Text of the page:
His sister leans out of the car to check on his progress, “maybe five minutes? D'ya think?” Her assessment is probably more accurate than mine. [translation = of his recovery time] I nod and smile. She turns her attention to her other brother, where they entertain each other with crumbs left over from their lunch sacks. [translation = thank goodness it's only one child having a meltdown with no knock on effect to the others!]

Junior realizes that he is on the ground. [translation = tactile aversion is playing second fiddle to whatever the current horror is] He flips over to make a remarkably accurate impression of a Russian dancer as he kicks his feet out to shake off the dust. His squeaks are timed perfectly. [translation = coordinated in time with the leg thrusts] He leaps to his feet, brushing off specks of dirt like a whirling dervish. Once he is satisfied that he has achieved the desired level of cleanliness, he sighs and droops a bit. I take this is my cue.

“What is so bad dear?” He sparks remembering what it was that set him off in the first place. He points a tremulous index finger to the interior of the car. [translation = the same car that we have had for two years.] I look too, just in case.
“You're gonna kill me?” I look blankly at him trying to connect dots that I cannot see. He helps me out. “You're gonna kill me wiv dat fing?” I notice the dust buster on the carpet, left over from my 'blitz the car' effort. I am so lucky that he is now able to tell me things.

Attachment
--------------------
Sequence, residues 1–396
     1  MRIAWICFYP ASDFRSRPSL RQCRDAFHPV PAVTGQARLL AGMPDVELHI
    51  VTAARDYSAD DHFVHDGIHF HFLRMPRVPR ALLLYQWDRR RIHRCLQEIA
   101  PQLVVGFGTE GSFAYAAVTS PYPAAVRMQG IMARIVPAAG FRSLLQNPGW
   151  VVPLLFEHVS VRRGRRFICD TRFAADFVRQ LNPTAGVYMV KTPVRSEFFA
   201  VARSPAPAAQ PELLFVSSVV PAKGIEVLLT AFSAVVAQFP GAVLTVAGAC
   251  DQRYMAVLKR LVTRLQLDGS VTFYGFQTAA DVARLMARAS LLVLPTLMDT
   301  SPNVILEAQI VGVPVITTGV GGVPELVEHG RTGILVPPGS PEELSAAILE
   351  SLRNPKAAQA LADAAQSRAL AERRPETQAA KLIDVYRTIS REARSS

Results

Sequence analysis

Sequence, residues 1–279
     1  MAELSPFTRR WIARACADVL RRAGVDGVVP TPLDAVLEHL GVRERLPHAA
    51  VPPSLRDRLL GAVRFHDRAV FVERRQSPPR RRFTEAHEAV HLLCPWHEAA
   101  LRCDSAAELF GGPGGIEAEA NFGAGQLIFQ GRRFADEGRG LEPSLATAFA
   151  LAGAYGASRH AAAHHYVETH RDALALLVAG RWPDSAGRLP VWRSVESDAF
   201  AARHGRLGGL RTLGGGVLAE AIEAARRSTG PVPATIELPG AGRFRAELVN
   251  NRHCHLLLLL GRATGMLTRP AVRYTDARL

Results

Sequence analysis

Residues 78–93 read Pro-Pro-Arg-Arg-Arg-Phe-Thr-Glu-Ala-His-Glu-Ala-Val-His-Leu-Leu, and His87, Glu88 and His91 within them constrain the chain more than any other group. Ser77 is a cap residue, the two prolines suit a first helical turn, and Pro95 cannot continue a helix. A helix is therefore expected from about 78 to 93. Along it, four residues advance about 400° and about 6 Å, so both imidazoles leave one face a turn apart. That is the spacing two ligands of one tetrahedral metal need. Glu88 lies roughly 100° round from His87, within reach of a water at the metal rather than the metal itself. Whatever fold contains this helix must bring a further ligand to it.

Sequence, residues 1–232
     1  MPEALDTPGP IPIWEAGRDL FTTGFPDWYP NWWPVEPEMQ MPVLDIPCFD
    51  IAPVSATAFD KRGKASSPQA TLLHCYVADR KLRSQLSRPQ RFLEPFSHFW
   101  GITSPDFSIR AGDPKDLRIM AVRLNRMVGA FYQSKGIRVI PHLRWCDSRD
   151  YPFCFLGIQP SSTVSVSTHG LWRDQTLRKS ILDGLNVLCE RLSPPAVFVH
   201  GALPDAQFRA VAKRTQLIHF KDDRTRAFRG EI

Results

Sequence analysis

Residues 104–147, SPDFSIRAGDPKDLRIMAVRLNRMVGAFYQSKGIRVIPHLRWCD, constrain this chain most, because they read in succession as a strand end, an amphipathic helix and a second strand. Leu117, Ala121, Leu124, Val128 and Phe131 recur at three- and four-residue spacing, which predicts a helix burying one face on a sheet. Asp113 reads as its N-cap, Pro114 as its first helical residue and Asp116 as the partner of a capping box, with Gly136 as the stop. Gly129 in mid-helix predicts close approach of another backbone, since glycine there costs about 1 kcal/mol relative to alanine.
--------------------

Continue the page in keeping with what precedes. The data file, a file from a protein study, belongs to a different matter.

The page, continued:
“Oh that's a mistake, I just forgot to put it back on the recharger.” The dust buster is one of his more hated domestic appliances. [translation = because of the noise] It is my habit, to announce in a loud voice that I am about to use a domestic appliance. [translation = this is a vast improvement upon having to all housework at night, when they are in deep sleep]

This is thus a two fold problem? Firstly, there it is, the hated thing. Secondly, the hated thing has popped up unexpectedly in the wrong place at the wrong time. [translation = boo!] I remove the hated thing and sling it in the boot. [translation = trunk] He takes a cautious step towards the car, examines the floor and gently brushes the carpet fibres where the hated thing had been lying, just to make sure that it is truly gone and that there is no cross contamination.

We drive home. “So! Does the car look clean?” I ask under the foolish misconception that anyone might care one jot.
“You wash dah car?” he asks incredulous. I have occasionally used an automatic car wash service. Once, I had the children in the car with me whilst it was automatically washed. My idea of entertainment and my boys' idea of entertainment did not match. [translation = rats in a trap that is on fire]

To me, the presence of the dust buster signifies that I have cleaned the carpet at least, but it appears that this is not an automatic conclusion. I remind myself that I have a whole book about teaching inferences to autistic children. I remind myself that maybe I ought to dust off that book, instead of the car carpet. Seems that I do everything too “late.”